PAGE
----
By Margaret Garcia
Over the last 10 years, the growth at UIW has been nothing short of phenomenal. The creation of the Feik School of harmacy, Rosenberg School of Optometry and School of Physical Therapy all conceived and opened during this time are examples of how UIW and President Louis Agnese continue to look to the future while serving the Mission of the Sisters of Charity of the Incarnate Word. With that in mind, it should come as no surprise that by 2016 the university could be accepting students to a UIW medical school.
According to UIW Chancellor Dr. Denise Doyle, the discussion of a medical school began “about a year and a half ago… when Dr. Agnese first started to question the idea of whether or not we could have a medical school at UIW.” The first definitive action came at a University Planning Commission meeting in 2012 when the group voted to move forward with a feasibility study. A group of capstone students from UIW’s H-E-B School of Business and Administration were tasked with completing the study and were the first to come up with the idea of an osteopathic medical school. “They felt that it best fit the Mission of the university because of its threefold practice of well body, well mind, well spirit and the integration of treating the whole person,” said Doyle.
There are currently 29 schools of osteopathic medicine in the United States. Only one is located in Texas at the University of North Texas Health Science Center in Fort Worth. In addition, there is just one private medical school in the Southwestern U.S., the Baylor College of Medicine in Houston.
According to the American Association of Colleges of Osteopathic Medicine, this practice provides all of the benefits of modern medicine but also offers the added benefit of hands-on diagnosis and treatment. It also emphasizes helping each person achieve a high level of wellness by focusing on health promotion and disease prevention.
Upon completion of the study conducted by the students, UIW Provost Dr. Kathi Light created a task force to study osteopathic medicine and what it would mean for UIW. That process culminated in March 2013, when a consultant was hired to educate the UIW community and discuss the possibility of the medical school through a series of presentations. UIW representatives also went out into the San Antonio business and medical communities to discuss and gain support for the project.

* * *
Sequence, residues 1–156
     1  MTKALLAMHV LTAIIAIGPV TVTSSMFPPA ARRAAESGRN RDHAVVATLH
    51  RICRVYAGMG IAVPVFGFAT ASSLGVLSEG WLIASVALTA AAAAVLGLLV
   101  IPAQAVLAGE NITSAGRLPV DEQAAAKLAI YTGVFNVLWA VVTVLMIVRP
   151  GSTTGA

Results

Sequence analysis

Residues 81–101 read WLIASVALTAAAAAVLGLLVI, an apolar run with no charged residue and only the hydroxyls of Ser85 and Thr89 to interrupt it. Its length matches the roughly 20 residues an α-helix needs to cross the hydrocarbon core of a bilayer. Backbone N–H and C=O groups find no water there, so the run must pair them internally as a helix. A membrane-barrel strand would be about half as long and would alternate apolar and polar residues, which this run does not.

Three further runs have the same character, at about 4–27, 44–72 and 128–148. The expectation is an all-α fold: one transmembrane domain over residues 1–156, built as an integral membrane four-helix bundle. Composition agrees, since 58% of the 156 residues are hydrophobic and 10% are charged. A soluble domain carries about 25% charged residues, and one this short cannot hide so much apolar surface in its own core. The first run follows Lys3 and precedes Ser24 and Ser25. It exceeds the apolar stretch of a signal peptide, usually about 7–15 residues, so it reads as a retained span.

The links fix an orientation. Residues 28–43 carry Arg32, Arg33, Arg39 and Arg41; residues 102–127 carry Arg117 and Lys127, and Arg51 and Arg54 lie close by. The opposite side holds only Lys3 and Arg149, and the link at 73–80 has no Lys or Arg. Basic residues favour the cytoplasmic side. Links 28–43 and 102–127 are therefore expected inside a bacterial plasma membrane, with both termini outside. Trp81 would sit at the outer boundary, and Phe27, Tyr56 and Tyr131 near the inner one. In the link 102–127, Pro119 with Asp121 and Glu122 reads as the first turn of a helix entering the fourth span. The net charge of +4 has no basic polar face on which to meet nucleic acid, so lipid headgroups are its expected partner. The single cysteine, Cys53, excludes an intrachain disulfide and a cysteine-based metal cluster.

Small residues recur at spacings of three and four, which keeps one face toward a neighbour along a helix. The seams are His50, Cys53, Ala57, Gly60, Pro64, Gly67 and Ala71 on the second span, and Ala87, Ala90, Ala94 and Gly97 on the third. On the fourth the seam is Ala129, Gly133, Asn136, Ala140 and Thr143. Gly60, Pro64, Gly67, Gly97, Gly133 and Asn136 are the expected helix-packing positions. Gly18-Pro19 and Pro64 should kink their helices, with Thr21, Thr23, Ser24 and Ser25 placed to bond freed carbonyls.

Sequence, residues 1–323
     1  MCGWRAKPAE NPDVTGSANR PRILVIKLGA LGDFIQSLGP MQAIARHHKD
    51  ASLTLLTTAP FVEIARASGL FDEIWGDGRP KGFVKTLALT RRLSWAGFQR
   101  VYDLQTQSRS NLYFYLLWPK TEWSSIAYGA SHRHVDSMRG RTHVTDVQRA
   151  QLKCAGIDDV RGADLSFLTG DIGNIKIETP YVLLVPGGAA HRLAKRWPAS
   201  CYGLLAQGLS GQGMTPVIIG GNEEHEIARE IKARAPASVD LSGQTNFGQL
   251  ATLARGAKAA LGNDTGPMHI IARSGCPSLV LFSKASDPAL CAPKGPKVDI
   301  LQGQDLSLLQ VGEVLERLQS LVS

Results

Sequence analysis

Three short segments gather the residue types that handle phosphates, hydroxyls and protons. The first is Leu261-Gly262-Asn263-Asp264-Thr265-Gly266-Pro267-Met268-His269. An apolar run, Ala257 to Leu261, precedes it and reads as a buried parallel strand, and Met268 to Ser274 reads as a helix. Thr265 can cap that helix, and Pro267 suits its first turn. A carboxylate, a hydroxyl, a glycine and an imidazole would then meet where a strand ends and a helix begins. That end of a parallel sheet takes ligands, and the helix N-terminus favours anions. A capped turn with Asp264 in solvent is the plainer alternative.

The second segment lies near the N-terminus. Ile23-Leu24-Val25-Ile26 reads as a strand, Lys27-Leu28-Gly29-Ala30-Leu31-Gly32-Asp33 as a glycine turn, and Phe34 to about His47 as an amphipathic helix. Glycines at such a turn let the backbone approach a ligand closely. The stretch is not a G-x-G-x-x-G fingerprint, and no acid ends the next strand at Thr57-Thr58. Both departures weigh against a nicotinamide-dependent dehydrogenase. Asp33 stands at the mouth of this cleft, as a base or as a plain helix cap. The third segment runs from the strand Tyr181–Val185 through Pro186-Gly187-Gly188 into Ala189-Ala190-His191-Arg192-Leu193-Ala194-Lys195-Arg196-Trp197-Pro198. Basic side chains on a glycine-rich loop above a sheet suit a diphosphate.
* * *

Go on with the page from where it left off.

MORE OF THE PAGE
Though some in the community may question UIW’s ability to open a medical school, Doyle believes UIW has a proven track record. “I am pleased to say that our pharmacy school was accredited right after its first students graduated,” said Doyle. “Our school of optometry was also accredited without any issues just after graduating its first class, so even though there are people in the community who might ask ‘can Incarnate Word really pull this off?’ as a matter of fact we not only can, we have. We have made major commitments to those professional schools and to those students and through those students to the people of South Texas.”
In June, UIW’s board of trustees unanimously voted to move forward with the feasibility study that could lead to the opening of a $50 million osteopathic medical school by 2016. As part of the process, a second official feasibility study must be conducted by the dean of the school who is a doctor of osteopathic medicine. The audited results of the study are then presented to the American Osteopathic Association (AOA) Commission on Osteopathic College Accreditation (COCA). This body serves the public by establishing, maintaining and applying accreditation standards and procedures. According to Doyle this study must be completed and presented before candidacy can even be considered by COCA. A nationwide search has begun for a dean.
“We are hoping that we will bring someone on in early 2014,” said Doyle, “to do the feasibility study and in the best of all possible worlds that person will immediately begin to hire their administrative staff, academic support, associate deans, etc… and then gradually the faculty…bringing in our students in 2016.”
Doyle noted that “a founding dean is not walking into something existing. They have to have a vision and they have to build it from the ground up. You really want the person who not only builds the school but makes sure that school is organically connected to the University of the Incarnate Word, to the Mission of the university and to the Sisters. This is not just any osteopathic school this is the University of the Incarnate Word School of Medicine.”
Agnese has investigated four possible locations for the school including a UIW-owned facility on Datapoint Drive that also houses the Rosenberg School of Optometry; the unused sports fields at Fox Tech High School, a San Antonio Independent School District (SAISD) health-professions school located downtown; Brooks City-Base; and an area located at I-35 and Walters. The Fox Tech location has been a forerunner as it could become the anchor for a downtown medical center. If approved, the partnership with SAISD would benefit the university as well as the students and faculty of the school district.
“Dr. Agnese is extremely visionary. He sees the life…and the future of the university as being driven by and built on the capacity to keep growing,” said Doyle. “Dr. Agnese’s vision is one that is not always comfortable for everybody. It generally means a lot of work for some of us and yet it is the thing that will keep all of us moving forward.”